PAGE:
2 The highest good and the extension of the epistemic content of the moral law

Kant’s moral theory assumes that morality (employment of the moral law and prudence) ultimately produces an ideal moral world (the highest good, or summum bonum)5, in which happiness is distributed in proportion to morality (CPR, A 810/B 838). However, unlike the moral law, which is designated as a synthetic a priori fact6, Kant affirms that the highest good is a dialectical object of pure practical reason and only a matter of hope (CPR, A 805/833). This literally means that the highest good is not cognizable in a theoretical sense, but only to be hoped for in a practical sense. In other words, Kant claims that the highest good is merely a matter of practical assumption, without any theoretical certainty for its realizability. Yet, despite the fact the Kantian conception of duty has a purely formal ground, i.e., is completely independent of any ends or consequences but depends only on its own form, Kant does not refrain from asserting that it is a moral duty to promote the highest good (CPrR, 5:114; CPrR, 5:125; CPJ, 5:471; Rel, 6:98). Kant clearly argues that the pursuit of the highest good is an objective duty for agents to the extent that their powers enable them to do.

 

Kant’s formulation of the highest good as a duty to be promoted might at first glance suggest that there is an analytic relationship between these two concepts. However, the fact that the highest good transcends the analytical commands of the moral law suggests that the moral law and the highest good are related in a synthetic way. This argument is supported especially by Kant's claim that the highest good is a duty that is formed in a synthetic a priori way and thus it differs from the other duties deriving from the moral law (Rel, 6:7n). Kleingeld (2016) underscores the synthetic a priori relationship between the moral law and the highest good by explaining it as neither contingent nor analytic, but synthetic and necessary and concluding that the highest good constitutes the meta-principle for the moral law (Kleingeld 2016, p. 47). Kleingeld thus suggests that without the meta-command of the highest good, the moral laws would be disparate and unbounded to one another lacking a higher principle. Kleingeld is highly right to stress that the highest good is a meta-principle that brings all other duties under a unified and complete end. This is especially clear in Kant’s account, since he views the highest good as the ultimate end of morality that will grant agents with the reward of happiness that they deserve. In that sense, Kant suggests that if there were no possibility for the highest good, the moral activity of agents would be disparate and illogical as they would simply lack any ground for receiving what they are morally worthy of. This is clearly formulated by Kant as the state of absurdum practicum (LPDR, 28:1083)7, which implies that the highest good has a defining role in the promotion of the logical and practical unity of the moral law. Kant’s formulation of the highest good as saving the moral law from the state of practical absurdity essentially implies that despite the unique place that the highest good has within the framework of Kantain morality as a special type of duty (as a postulate that synthetically follows from the moral law), the highest good has a fundamental role in complementing and grounding the logical and practical unity of the moral law as an essential element of the morality.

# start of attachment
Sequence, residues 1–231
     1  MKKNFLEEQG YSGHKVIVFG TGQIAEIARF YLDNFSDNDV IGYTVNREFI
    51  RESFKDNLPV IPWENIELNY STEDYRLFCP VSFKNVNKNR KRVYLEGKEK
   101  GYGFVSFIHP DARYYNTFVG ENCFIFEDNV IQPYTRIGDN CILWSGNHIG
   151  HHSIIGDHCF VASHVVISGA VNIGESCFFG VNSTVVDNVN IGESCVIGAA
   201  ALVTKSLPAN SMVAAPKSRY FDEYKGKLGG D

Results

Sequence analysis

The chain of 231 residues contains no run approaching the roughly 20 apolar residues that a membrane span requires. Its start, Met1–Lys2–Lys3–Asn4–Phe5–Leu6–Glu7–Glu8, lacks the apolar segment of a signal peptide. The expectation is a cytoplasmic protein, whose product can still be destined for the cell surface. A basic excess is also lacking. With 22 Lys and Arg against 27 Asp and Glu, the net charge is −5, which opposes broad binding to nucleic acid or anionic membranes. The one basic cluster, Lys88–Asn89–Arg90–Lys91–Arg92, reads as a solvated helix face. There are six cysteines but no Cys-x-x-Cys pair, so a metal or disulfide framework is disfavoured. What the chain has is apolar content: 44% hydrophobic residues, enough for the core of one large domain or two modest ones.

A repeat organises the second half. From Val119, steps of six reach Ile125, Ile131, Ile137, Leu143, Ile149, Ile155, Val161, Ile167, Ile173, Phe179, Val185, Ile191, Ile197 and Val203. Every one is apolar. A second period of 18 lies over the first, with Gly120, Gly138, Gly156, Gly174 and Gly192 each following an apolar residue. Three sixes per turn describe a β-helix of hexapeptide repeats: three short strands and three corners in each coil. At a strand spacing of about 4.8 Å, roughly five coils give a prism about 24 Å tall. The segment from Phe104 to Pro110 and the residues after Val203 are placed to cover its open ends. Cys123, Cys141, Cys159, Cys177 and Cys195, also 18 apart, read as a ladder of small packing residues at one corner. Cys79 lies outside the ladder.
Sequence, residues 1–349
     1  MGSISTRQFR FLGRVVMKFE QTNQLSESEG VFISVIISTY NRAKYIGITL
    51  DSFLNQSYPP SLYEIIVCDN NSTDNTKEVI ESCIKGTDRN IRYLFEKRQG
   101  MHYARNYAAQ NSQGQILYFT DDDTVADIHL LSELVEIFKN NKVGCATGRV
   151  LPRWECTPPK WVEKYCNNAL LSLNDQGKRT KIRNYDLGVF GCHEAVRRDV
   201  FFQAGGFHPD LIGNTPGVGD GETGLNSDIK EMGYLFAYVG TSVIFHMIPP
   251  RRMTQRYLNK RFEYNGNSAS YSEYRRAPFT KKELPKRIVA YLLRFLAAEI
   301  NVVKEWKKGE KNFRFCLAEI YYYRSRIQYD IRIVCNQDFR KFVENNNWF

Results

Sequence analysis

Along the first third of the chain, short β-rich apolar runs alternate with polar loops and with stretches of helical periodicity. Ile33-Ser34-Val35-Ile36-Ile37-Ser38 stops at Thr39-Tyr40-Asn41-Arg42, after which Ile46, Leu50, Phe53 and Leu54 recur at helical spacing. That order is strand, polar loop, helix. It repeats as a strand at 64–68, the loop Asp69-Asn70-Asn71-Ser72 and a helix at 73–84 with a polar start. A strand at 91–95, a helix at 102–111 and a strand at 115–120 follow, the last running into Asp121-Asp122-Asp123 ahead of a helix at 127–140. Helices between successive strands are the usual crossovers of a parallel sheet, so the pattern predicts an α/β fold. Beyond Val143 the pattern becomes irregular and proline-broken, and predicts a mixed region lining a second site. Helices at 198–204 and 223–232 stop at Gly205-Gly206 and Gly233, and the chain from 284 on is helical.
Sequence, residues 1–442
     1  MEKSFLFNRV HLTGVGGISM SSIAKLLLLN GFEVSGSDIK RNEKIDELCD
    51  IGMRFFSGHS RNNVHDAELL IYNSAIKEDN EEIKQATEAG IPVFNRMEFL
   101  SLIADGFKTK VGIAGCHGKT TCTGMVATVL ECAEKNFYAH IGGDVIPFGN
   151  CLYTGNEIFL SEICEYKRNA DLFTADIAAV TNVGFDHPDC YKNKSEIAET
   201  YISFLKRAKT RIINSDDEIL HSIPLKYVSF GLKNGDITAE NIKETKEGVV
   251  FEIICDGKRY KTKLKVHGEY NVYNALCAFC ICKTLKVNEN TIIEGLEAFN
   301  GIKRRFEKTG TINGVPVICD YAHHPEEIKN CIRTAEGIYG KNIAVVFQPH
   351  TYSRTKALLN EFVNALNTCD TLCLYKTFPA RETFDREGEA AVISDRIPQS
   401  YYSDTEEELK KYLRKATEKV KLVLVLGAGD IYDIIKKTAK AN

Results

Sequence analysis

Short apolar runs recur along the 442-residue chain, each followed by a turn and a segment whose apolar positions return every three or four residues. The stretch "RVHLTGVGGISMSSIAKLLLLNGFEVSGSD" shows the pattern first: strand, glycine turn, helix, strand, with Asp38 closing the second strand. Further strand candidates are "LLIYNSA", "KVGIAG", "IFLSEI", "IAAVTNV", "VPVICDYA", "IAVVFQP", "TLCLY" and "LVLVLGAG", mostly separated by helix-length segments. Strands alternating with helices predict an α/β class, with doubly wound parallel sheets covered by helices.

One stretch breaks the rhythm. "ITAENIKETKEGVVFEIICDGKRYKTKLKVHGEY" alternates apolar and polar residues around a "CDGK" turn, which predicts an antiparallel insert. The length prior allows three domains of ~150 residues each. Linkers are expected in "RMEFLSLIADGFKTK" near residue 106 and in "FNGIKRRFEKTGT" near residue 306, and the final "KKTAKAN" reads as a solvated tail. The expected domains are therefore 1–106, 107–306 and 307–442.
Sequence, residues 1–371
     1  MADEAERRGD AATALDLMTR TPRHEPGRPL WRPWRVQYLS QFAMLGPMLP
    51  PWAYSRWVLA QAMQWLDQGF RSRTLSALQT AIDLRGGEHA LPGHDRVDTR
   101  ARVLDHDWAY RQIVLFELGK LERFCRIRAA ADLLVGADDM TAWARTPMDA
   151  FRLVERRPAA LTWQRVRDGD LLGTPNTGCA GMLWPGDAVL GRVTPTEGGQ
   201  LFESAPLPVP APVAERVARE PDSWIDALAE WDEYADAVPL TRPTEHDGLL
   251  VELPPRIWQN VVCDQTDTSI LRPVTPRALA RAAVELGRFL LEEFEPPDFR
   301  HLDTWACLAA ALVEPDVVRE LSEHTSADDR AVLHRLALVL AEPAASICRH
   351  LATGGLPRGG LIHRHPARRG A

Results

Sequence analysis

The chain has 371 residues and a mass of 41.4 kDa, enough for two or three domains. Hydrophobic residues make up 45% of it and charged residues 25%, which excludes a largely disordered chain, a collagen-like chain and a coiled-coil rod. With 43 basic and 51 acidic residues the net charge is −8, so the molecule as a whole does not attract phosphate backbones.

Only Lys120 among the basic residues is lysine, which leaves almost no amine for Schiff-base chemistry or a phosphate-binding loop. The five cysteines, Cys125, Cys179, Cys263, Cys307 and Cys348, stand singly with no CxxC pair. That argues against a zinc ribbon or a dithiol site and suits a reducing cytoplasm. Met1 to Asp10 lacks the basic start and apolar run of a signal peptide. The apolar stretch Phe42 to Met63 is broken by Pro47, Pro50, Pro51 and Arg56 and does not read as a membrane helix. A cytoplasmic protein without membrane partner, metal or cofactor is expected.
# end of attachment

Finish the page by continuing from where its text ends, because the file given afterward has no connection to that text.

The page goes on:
That the moral law and the highest good are related with each other in a synthetic a priori manner, implies that they relate to each other on a mutual and necessary basis, which, I guess, can be indicated by an analogy. As is known, Kant expresses the relation between the moral law and freedom as a reciprocal one. He basically claims that freedom is the ratio essendi of the moral law and the moral law is the ratio cognoscendi of freedom (CPrR, 5:4). In this respect, Kant maintains that the moral law and freedom interact reciprocally such that while freedom is the ground of the essence (ratio essendi) of the moral law, moral law is what makes freedom known (ratio cognoscendi). In this analysis of the reciprocal relation between the moral law and freedom, what we effectively observe is that the moral law is grounded on freedom that moral agents attain by gaining independence from the natural inclinations, whereas they get conscious of their freedom through their moral conducts8.